Leaders of Asia-Pacific Meet in the Shadow of Donald Trump’s Victory

The Peruvian capital Lima hosts the annual summit of Asia-Pacific Economic Cooperation (APEC). A total of 21 heads of state, including Russian President Vladimir Putin and outgoing US President Barack Obama, are expected to attend the meeting. According to Valdai Club experts, the summit will be overshadowed by concerns about the policies of US president-elect Donald Trump with regard to the Asia-Pacific.

“Undoubtedly, the atmospherics of APEC and other multilateral summits will differ from those under President Obama,” former Australian Prime Minister Kevin Rudd told valdaiclub.com in comments sent by email. “However, no one but Mr. Trump can currently claim to be know for sure how he will approach multilateralism in general, though some suspect that his instincts will be bilateral.”

Most experts asked by valdaiclub.com, including Kevin Rudd, who is now President of the New York-based Asia Society Policy Institute, agree that Donald Trump’s foreign policy views are hard to define. “President-elect Trump has not yet been sworn in, espoused a clear foreign policy doctrine, let alone appointed key foreign policy, defense and national security officials. There is therefore, at present, little basis for projections on how significantly a Trump presidency will alter Washington’s relations with APEC countries, in the security or economic spheres,” he said.

However, one of Trump’s consistent positions throughout his campaign was rejection of the Trans-Pacific Partnership, championed by Barack Obama. After Trump won the election, the White House announced it would not pursue passage of the deal, also opposed by Trump’s contender, Hillary Clinton.

“In my opinion, the TPP was almost dead [even before Trump’s election],” said Lee Jae-Young, Vice President at the Korea Institute for International Economic Policy (KIEP), in an interview with valdaiclub.com. “It will be difficult to realize it in the short and mid- term. It originally had lots of process problems including exchange rates and so on.” According to Kevin Rudd, “regional hopes in the TTP’s prospects are fading rapidly”, judging by the recent statements of governments around the Asia-Pacific.

“With the TPP on life support for the remainder of President Obama’s lame duck period, and while the region awaits clarification on president-elect Trump’s positions, the most critical challenge facing APEC economies is no longer the specter of the region’s fragmentation into mutually-exclusive trading blocs,” Rudd said. “The greater challenge is that the United States walks away from multilateral trading negotiations with the region, relying on Free Trade Agreements, imposing tariffs on regional economies, and re-erecting the barriers of protectionism. This would not just hurt the U.S. economy, in the medium term, but regional and global economic growth,” he added.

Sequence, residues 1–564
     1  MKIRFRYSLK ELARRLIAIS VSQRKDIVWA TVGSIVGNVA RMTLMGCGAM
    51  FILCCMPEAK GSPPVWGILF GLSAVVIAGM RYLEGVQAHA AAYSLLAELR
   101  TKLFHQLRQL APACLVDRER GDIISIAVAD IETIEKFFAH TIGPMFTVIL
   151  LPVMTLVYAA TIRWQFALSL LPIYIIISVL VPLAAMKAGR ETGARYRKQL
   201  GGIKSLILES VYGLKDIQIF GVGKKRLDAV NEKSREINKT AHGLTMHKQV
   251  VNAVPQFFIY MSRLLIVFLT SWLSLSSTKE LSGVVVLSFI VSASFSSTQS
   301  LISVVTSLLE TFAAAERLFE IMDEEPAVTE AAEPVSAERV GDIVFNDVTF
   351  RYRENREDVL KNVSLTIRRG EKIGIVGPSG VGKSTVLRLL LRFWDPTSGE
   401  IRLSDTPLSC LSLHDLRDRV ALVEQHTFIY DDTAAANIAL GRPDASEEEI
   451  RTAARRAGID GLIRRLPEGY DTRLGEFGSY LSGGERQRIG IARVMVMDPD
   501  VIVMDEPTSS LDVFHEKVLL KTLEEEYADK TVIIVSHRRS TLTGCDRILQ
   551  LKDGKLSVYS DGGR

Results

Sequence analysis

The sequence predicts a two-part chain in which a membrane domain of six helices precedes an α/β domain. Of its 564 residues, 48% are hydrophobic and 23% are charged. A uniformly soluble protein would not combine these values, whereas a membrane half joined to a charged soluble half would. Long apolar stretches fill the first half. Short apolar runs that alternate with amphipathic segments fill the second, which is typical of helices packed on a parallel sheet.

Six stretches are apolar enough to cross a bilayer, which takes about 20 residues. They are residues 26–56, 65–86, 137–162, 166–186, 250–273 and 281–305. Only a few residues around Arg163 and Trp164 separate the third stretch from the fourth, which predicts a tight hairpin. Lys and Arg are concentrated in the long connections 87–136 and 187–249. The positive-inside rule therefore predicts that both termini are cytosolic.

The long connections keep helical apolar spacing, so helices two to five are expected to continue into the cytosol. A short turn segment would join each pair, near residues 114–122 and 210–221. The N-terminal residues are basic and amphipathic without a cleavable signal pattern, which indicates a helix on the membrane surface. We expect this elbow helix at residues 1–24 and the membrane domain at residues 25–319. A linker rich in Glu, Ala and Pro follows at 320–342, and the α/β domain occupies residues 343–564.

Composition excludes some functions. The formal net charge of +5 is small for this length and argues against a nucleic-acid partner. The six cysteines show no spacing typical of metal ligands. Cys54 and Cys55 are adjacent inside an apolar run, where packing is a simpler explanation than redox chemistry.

But Lee believes that countries of the region should not fear a rise in protectionism. “In this context, APEC countries need to keep the WTO rules and norms and it would make the world trade rules more stable,” he said.

The decline of the TPP means growing interest in the Regional Comprehensive Economic Partnership, comprising countries of the Association of Southeast Asian Nations and nations with which ASEAN has existing free trade agreements, including China and India, but excluding the United States. Its prospects are now “significantly greater than they were a month ago”, said Kevin Rudd. “Trade ministers and national leaders in the Asia-Pacific region have been lining up to declare renewed interest in RCEP, following president-elect Trump’s victory. Japanese President Shinzo Abe, who is meeting with Trump in New York this week, has clearly stated his view that ‘there’s no doubt that there would be a [Japanese] pivot to the RCEP if the TPP doesn’t go forward.’ This is a very clear and very definitive statement of intent,” he added.

But Lee is more skeptical about the RCEP prospects. “People can think that RECP will be promoted against the background of the failure of the TPP. However, the RCEP rules on a number of positions (including the level of openness etc.) are complicated, so I would say there is no significant progress in the RCEP in the near future,” he said.

Throughout the year, Peru has hosted the meetings of the Asia-Pacific Economic Cooperation, culminating in the summit, or Economic Leaders' Meeting, to take place in Lima on November 19-20.

Views expressed are of individual Members and Contributors, rather than the Club's, unless explicitly stated otherwise.